Blundell painted works with the style of, among others, Australian artists Charles Blackman, Arthur Boyd, William Dobell, Russell Drysdale, Sidney Nolan, Lloyd Rees, Arthur Streeton, Elioth Gruner, Brett Whiteley and also Claude Monet. According to Blundell, he sold them to Curvers as copies for decorative purposes only. He does not call them forgeries but "innuendos", works in the style of a specific artist. Many of the paintings were sold privately or at auction for up to $65,000. In an interview with Four Corners, Blundell claimed that he had painted at least 400 Whiteleys alone.
The forgeries were publicly exposed as a result of a dispute over Curvers' estate. Curvers had amassed a large private art collection, including an original E. Phillips Fox. Shortly before her death, Curvers dictated a new will to Blundell, appointing him executor, and leaving nothing to her husband and son. Curvers' husband, John, contested the will, and in the course of the estate investigation, summoned several art experts to examine the private collection because he doubted the authenticity of some of the paintings. As a result, John produced a list of nearly 200 works that he claimed were copies, stating that it was unknown to his late wife.
In court, Blundell confessed they were his works, but insisted that Germaine knew they were copies, stating 'She's six feet under now, so they will have to take my word for it'. Blundell said that the intention was that his paintings would be given away or sold for a nominal fee and that they would be used for decoration. He denies any intention to pass them as genuine to deceive collectors. Blundell stated that his early works were unsigned or contained clues that they were not originals, placing d'après in the hair of his figures to indicate that it was after not by the artist.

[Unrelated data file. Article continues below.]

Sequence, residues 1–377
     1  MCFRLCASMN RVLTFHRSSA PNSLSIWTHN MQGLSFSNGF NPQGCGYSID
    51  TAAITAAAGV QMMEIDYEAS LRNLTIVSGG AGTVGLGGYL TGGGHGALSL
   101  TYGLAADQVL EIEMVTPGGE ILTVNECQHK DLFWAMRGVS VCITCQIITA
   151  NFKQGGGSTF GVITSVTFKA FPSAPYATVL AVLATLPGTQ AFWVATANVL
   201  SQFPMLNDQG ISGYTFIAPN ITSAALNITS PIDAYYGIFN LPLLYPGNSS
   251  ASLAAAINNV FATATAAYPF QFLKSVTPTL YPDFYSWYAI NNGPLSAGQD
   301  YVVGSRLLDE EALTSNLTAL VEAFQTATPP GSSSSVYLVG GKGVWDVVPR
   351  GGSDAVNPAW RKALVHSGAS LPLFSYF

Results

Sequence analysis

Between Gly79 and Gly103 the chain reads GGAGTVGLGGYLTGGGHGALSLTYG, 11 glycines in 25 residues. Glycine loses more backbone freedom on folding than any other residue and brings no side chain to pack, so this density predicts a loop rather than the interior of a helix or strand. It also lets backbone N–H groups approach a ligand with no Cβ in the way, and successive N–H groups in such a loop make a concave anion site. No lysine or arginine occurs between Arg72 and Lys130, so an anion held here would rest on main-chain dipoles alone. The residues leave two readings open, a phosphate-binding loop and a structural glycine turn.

It has been pointed out that it was Germaine who made the greatest profit from the copies. The Sydney Morning Herald stated 'Her records, produced to the court, show that over 10 years she paid Blundell - always by cash or cash cheque - only about $40,000, typically $100 to $200 per painting. Her profits were extraordinary - often, just by adding an old $50 frame, she could make a 2,000 per cent profit.'
Germaine was nearly exposed in 1994 by a Paddington doctor who purchased 11 'Whiteleys' from her for $30,000. One art expert pronounced the works genuine and valued them at $85,000 for insurance purposes. However, two subsequent experts pointed out they were fakes, and the police were called in. Curvers refunded the money, and told reporters that she purchased them in good faith; therefore, no charges were laid.